This week I turn the spotlight back on the press releases that journalists receive from public relations officers.
By Leigh Andrews
Two years ago, I blogged about keeping your opinion
in (or out of) news reporting. I wrote that most hardcore writers (and readers, for that matter) know that there is a place and time for opinion to shine through in your writing – particularly if you’re writing a review, a blog post or an opinion-based column. Journalism 101 teaches us that hard news should strive to be opinion-free, offering both sides of the story as neutrally as possible (easier said than done). One of the main ways to do so is to stick to the facts, and avoid flowery adjectives.
The main culprits who go over the bias border are PRs who tend to write ‘fabulous’ press releases that applaud each and every ‘fantastic’ new feature of their products (which usually end up being edited out before appearing in print, anyway), and news sites that are purposely satirical, blatantly not from the advocacy school of journalism, and thought-provoking, such as The Onion
or our local Hayibo
– some of these articles are so blatantly over-the-top that newbies ask ‘Is this for real?’ They soon learn that you need to take these articles with a sprinkling of salt as they provide a bit of ‘comic relief’ from the staid political standard.
Sticking with the ‘flowery press release
’ aspect, Marisa Louw of eMLo Communication feels that adjectives are an important part of a press release as “a good press release is short and to the point and the adjectives are there to provide a better description in a limited word count.”
Moving on to another of my issues with so many press releases, she says, “The ‘we are the best’ syndrome is something that a public relations officer should manage carefully. As a member of the Public Relations Institute of Southern Africa I am bound to the code of ethics of a professional Public Relations Practitioner and I believe in telling the truth, based on facts.” So if the facts prove that ‘you are the best’, by all means, talk about it. Louw says this makes a lot of noise. “A good example is working with an advertising agency. If their work wins awards, then they have all the right to ‘brag’ about it. Another example is my work I do for South African opera singer, Stefan Louw. Christina Kennedy of Business Day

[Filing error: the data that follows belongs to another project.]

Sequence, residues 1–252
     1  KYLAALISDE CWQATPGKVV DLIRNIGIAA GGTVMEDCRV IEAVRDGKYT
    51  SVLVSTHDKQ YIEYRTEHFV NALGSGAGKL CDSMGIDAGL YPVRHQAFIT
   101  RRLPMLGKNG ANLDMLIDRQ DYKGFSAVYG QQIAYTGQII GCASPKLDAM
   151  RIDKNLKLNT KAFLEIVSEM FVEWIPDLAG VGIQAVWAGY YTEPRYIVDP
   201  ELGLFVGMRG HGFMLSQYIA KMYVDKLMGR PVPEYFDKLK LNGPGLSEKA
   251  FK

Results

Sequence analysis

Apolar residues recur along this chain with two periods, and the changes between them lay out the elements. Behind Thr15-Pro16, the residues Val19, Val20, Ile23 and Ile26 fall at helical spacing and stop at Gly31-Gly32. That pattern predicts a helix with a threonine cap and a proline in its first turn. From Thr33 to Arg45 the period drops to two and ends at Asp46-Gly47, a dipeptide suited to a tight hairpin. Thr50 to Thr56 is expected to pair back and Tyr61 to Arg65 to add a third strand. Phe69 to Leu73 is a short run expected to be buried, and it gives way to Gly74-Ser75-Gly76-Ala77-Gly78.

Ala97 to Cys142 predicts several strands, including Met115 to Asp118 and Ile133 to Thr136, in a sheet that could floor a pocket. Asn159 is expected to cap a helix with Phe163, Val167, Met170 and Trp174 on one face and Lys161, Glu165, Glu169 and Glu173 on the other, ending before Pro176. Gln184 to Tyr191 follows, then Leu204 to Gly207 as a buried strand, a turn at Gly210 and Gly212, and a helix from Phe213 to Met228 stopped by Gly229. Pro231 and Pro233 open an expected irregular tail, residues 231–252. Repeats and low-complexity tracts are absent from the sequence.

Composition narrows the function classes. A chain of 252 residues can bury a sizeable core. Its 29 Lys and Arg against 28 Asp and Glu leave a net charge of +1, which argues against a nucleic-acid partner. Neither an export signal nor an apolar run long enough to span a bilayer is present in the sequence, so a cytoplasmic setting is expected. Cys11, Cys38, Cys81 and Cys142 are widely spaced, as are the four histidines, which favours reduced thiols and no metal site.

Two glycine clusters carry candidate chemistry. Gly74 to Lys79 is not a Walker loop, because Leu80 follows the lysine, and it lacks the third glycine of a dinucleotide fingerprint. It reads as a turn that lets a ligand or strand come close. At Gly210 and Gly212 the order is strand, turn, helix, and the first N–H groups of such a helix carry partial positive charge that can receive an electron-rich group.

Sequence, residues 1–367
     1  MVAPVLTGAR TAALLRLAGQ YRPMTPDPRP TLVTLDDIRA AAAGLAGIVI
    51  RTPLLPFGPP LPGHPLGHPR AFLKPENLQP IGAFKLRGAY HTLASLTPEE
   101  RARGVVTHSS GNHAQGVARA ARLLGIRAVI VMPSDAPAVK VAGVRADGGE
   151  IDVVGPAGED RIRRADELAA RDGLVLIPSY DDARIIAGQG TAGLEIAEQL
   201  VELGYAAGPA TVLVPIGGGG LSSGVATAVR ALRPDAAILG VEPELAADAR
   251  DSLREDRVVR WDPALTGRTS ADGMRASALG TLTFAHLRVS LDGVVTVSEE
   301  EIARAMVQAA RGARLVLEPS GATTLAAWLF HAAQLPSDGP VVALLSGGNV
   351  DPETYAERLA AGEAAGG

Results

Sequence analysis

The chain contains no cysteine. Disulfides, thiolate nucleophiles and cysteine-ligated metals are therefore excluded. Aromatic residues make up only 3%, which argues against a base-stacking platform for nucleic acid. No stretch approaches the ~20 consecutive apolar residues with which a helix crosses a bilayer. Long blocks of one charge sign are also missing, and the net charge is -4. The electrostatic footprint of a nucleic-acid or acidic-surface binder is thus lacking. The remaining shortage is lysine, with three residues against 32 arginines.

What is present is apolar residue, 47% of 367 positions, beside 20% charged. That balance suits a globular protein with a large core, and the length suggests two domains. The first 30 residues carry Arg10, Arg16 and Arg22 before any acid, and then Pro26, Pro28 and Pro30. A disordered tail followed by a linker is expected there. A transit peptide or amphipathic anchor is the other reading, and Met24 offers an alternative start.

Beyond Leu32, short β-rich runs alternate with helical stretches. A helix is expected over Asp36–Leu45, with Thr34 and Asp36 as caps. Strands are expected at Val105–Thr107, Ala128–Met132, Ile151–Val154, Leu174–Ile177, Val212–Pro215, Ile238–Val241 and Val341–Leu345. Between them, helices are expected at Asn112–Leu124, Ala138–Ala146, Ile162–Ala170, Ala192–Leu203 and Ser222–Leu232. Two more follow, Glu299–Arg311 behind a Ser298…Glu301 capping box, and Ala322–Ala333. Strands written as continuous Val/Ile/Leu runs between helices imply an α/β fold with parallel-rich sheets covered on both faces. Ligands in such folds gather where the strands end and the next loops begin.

wrote in 2005 that his voice should be declared a national treasure. This is a standard sentence used in all press releases regarding his performances. But what makes the difference is that, in both examples, it is not the client who wants to say those things. The accolades have been awarded by others and I then use it to the client’s advantage.”
So what should a PRO do if their client wants a release to be issued that sings their praises but they know the press will tone it down drastically if they even use it? Louw says, “When a release is full of ‘we are the best’ statements that cannot be supported by awards or quotes by others, I certainly tone it down. I cannot imagine that a journo wants to read how ‘great’ companies are all the time ... especially if they know it has all been made up for the sake of getting published. This is where I attempt doing things differently. I’d much rather write a short press release and arrange for the journo to meet with client if the new story submitted is of interest to them. That way they can also put their own stamp on the angle they wish to take.” That sounds good to me. But what if things go wrong? Louw elaborates: “It has only happened to me once that a journo created a shoddy article from a press release I had sent. But that said, it was a journo with whom I did not have a relationship. This is where relationships with the journos are key. I believe that if I have a relationship with the journo, they will call me if they want to add more ‘meat’ to make up their own article.”
So we’ve again come full circle – it really is all about the relationship
. How best can the PR and media industry work together then? Franco D’Onofrio, owner of boutique PR agency Twiga Communications engaged with me on the topic on Twitter
. He says that it’s a simple equation, and he would argue what PRs want from journalists is “simply to be seen as partners in providing captivating and interesting content.”
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